Illinois joins effort to lower suicide rates among veterans


CHICAGO – Governor JB Pritzker and the Illinois Department of Human Services announced Tuesday that the State of Illinois will join the Governor’s Challenge to Prevent Suicide, a national effort that champions mental health support and preventative services for Veterans.
The State is dedicating $2 million to the initiative, in partnership with the federal Substance Abuse and Mental Health Services Administration and the Illinois Department of Veterans Affairs. In 2019, suicide was the 12th leading cause of death among Illinois residents of all ages, but 3rd leading cause of death among those aged 1-24 years.
“Our Veterans are heroes who served us bravely and deserve quality care here at home, including robust mental health services,” said Governor JB Pritzker. “I am pleased to announce that Illinois is putting $2 million towards suicide prevention, funding that will allow the State to provide critical care and preventative services to our heroes in their darkest hour.”
Illinois is the latest of 27 states to join the challenge. The State continues to prioritize mental health and preventative services and will work to implement best practices using the latest public health research and data.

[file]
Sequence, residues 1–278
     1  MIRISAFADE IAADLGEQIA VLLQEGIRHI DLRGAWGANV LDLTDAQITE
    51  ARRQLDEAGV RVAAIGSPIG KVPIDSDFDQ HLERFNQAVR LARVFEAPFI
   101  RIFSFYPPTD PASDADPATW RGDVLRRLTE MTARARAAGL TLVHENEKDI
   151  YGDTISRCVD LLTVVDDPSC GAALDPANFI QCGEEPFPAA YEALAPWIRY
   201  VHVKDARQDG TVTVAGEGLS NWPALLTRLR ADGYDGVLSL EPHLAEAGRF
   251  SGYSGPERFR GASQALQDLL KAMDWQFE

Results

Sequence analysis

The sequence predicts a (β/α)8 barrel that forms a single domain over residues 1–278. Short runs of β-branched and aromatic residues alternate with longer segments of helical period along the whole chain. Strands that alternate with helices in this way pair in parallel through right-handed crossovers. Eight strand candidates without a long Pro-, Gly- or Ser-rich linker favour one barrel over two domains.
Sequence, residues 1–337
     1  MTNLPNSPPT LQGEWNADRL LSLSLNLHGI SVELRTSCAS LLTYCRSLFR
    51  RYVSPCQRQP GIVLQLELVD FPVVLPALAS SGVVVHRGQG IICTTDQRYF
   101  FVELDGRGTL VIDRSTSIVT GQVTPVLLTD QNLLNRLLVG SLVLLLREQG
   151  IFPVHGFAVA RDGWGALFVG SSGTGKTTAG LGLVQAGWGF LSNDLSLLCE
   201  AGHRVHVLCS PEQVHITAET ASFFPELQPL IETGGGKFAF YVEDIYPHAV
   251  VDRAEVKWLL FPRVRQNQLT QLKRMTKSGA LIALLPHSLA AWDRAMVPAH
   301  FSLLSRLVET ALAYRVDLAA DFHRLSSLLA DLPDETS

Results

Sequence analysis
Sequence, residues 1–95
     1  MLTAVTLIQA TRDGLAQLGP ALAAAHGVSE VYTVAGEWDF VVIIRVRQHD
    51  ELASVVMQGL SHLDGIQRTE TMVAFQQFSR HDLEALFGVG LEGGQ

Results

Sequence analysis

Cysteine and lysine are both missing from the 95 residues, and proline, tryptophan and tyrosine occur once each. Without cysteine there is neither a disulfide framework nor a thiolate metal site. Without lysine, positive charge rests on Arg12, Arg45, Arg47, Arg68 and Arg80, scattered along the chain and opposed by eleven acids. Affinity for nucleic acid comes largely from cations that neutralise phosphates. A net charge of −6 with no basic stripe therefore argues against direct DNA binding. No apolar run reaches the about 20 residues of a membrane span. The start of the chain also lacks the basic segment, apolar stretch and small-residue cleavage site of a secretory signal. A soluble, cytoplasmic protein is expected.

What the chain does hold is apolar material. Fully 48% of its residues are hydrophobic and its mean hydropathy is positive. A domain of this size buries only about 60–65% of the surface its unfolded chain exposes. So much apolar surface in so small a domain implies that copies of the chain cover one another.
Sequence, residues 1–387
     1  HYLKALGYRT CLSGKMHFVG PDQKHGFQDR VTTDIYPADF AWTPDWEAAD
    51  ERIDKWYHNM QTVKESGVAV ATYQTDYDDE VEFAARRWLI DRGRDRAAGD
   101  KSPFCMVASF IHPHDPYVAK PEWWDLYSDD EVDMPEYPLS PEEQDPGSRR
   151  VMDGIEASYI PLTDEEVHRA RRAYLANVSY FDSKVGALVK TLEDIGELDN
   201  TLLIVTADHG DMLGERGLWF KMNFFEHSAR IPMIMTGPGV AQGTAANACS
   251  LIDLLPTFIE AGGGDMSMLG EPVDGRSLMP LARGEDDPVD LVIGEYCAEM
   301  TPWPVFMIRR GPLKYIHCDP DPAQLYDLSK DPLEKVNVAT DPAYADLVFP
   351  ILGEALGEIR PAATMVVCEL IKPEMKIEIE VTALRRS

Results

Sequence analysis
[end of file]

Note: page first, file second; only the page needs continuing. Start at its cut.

“With Governor Pritzker’s strong leadership, this funding is an opportunity to increase resources for suicide prevention targeted at those most impacted by mental illness with a particular focus on communities of color and the military community,” said IDHS Secretary Grace Hou.  “There is a tremendous opportunity to aggressively prevent suicide and save lives.”
“We must do everything within our power as policymakers to fight for the lives of our nation’s heroes just as they have fought for us. I applaud Governor Pritzker for rising to the challenge to work towards stamping out Veteran suicide once and for all,” IDVA Director Linda Chapa LaVia said. “Veterans and active-duty service members are at an even more increased risk of taking their own lives during this isolating time in our state’s history. This funding to put concrete plans into action could not come at a better time.”

Advertisement


Video News